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About Valentine Democrat. (Valentine, Neb.) 1900-1930 | View Entire Issue (July 30, 1903)
THE VALENTINE DEMOCRAT
I. 31 RICE , Publisher.
TALENTINE , NEBRASKA.
Trouble isn't half so troublesome as
tooting for trouble.
England Is now going to worry over
the tariff question. Poor old England !
Dr. Lorenz , by pulling children's legs
into joint , seems to have pulled some
doctors' noses out of Joint.
Some folks get more fun out of tell
ing how they didn't yield to temptation
lhan others do in yielding.
King Alfonso of Spain has just in
herited $7,500,000. He makes no secret
i > f it owing to the fact that he can
appoint his own tax assessors.
The Standard Oil Company has in
vaded Russia , and the bear that walks
tike a man is face to face with some
thing that looks like an octopus.
A French woman who had been in a
trance for twenty years woke up the
pther day and died. Some people don't
know when to leave well enough alone.
Since circus men's unions have be
gun to go on strikes , tying up the
shows , how can the American boy
! hope to enjoy himself as his father
Riches don't bring happiness , ac
cording to a Chicago banker. But
they are mighty handy to have in the
bouse along about the first of the
A Chicago woman cried the other
day because somebody else paid her
taxes. This ought to be told to Hetty
Green. She hasn't been able for a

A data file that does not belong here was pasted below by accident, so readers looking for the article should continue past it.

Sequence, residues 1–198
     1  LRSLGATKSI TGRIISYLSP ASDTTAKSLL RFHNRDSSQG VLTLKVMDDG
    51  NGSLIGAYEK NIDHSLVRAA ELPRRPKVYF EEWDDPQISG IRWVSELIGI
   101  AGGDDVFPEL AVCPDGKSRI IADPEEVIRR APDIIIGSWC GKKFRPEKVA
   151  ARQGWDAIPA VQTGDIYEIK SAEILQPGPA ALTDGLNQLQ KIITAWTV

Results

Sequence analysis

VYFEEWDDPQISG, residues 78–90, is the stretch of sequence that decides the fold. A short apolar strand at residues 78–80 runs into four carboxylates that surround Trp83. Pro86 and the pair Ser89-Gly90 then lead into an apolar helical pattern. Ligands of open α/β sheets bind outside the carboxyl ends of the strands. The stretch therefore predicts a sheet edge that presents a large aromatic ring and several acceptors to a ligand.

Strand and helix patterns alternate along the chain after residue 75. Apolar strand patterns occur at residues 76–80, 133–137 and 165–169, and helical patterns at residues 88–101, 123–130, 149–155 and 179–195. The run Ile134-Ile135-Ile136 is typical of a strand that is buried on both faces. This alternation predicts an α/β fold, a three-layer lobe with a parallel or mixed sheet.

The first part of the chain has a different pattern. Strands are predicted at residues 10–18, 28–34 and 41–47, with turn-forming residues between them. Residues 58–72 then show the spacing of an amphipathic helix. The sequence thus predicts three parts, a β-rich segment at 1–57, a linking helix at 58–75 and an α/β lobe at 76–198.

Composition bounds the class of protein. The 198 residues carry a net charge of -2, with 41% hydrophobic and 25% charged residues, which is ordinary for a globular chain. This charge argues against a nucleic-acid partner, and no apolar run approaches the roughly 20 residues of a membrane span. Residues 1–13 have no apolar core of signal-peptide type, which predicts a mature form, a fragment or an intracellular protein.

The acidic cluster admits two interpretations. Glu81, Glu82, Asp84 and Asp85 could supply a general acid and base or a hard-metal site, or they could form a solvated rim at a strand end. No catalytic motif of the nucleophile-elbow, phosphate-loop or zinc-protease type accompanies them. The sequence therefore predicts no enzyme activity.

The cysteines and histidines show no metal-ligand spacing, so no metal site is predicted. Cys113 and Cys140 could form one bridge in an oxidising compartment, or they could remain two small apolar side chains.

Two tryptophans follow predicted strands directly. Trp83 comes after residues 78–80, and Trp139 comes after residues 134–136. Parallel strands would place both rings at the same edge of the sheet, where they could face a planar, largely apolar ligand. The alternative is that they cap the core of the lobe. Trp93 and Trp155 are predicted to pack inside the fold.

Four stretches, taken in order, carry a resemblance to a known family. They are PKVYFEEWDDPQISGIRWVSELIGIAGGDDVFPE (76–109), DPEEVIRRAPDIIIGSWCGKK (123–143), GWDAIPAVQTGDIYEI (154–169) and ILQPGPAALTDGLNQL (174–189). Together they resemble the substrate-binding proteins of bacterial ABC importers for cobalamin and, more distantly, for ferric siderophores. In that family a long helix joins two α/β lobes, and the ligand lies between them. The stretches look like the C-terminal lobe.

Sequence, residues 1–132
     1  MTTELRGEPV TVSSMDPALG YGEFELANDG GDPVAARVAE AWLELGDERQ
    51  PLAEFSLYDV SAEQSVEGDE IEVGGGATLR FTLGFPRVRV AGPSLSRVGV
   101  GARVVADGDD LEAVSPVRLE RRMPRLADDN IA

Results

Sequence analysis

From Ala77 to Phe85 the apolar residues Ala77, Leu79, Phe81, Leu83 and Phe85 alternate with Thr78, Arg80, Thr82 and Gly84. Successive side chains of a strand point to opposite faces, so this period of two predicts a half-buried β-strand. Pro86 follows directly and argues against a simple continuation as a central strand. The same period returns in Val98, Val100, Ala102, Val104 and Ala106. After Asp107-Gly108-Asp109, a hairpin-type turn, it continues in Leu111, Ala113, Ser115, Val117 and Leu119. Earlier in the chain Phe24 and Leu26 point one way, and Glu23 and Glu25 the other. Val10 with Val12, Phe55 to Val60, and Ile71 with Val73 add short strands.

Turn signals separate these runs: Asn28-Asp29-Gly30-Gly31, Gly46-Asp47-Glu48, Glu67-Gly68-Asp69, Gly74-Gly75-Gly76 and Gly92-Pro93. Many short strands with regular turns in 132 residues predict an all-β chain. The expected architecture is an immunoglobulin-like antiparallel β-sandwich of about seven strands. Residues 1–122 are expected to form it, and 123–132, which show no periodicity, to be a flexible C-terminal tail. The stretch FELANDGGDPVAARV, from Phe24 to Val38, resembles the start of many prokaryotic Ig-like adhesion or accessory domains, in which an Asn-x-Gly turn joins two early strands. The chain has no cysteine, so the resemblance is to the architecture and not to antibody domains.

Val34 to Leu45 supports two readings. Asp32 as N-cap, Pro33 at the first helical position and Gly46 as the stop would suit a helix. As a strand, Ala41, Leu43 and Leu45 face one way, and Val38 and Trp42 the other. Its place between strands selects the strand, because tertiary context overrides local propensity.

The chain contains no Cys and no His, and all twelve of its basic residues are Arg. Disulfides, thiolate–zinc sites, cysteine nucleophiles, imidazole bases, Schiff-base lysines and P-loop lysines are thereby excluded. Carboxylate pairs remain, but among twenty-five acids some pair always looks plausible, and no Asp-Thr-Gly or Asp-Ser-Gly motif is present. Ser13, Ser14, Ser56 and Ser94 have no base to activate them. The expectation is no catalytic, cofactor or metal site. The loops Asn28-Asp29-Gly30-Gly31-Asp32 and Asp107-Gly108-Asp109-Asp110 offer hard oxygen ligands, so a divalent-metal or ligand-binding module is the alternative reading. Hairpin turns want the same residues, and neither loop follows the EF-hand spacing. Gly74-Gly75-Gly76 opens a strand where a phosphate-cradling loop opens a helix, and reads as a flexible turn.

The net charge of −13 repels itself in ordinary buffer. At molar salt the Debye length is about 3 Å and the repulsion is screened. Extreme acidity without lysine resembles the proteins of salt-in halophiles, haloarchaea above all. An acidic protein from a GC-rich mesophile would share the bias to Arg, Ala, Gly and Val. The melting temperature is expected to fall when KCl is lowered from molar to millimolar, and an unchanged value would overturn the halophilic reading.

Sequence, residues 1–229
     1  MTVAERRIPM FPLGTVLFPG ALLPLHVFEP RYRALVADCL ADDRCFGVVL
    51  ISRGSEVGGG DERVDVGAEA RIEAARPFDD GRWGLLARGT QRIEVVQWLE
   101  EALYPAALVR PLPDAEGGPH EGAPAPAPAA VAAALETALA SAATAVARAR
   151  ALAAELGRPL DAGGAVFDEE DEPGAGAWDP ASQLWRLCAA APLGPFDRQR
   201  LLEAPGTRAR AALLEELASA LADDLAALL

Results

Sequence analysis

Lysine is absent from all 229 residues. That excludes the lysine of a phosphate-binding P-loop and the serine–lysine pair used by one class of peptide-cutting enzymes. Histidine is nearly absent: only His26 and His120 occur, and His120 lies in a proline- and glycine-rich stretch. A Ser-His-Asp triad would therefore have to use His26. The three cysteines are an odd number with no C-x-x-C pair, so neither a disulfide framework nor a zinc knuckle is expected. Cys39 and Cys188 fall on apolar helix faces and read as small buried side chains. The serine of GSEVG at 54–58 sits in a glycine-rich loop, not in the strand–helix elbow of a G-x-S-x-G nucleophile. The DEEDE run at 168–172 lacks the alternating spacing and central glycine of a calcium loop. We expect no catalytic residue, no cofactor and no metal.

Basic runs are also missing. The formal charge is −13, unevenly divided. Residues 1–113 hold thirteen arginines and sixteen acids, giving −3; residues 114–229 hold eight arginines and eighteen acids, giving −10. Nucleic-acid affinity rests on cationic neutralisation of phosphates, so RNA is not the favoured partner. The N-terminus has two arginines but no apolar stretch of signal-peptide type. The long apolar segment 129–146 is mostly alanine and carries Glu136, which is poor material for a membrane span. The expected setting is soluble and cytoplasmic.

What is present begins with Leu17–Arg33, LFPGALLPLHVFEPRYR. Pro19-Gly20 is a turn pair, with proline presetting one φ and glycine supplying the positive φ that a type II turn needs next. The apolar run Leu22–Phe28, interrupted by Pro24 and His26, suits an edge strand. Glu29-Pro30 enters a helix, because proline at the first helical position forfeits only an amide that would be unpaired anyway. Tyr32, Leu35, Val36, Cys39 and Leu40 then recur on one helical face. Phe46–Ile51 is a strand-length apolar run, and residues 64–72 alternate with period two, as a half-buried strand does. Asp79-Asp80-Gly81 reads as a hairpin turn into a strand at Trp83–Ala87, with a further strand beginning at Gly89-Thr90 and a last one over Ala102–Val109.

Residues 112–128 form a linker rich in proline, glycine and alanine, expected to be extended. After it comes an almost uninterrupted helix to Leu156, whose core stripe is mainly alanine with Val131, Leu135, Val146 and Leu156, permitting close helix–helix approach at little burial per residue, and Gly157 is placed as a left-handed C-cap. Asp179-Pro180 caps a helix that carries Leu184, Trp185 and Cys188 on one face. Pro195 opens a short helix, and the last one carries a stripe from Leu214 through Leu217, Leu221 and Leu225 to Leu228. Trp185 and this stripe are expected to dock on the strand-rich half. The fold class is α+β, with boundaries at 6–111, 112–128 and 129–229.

long time to enjoy a joke.
The Kansas City Star speaks of Mrs.
Hetty Green's "superfluous and bur
densome wealth. " Mrs. Green may
have a lot of superfluous wealth , but
we don't believe she finds any of it
\ The Russian police have been or
dered to expel the Jews from certain
cities by sending them over the bor
der. This , at any rate , is a vast im
provement of the Klshenev method ,
plthough that also was an expulsion.
Suppose the postage stamps are networks
works of art , who cares ? They an
swer their purpose just as well as if
each one were hand-painted , and
Uoubtless better. What the public is
chiefly interested in Is that they shall
In this country it is not respectable
for a man's wife and daughters to
work , but the harder the old man
works the more he is admired. They
tell cheerful stories about the old man ;
his little children say "Papa is too
busy to die , " but that is about all he
jgets out of life in the way of distinc
While we are boasting of the expan
sion of foreign commerce , the magni
tude of American business enterprises
and the Increase in the naval strength ,
it is well to recall what Mrs. Mary A.
Livermore said to a mothers' and fa
thers' club recently. "The advance of
a nation comes through its homes , "
Bhe declared , "not through its battle-
phips , its great trusts or its * corpora
Men who have sacrificed youth and
health , scrimped their families , and in
jured their digestion In the acquire
ment of a "pile , " often think they are
public benefactors , and that humanity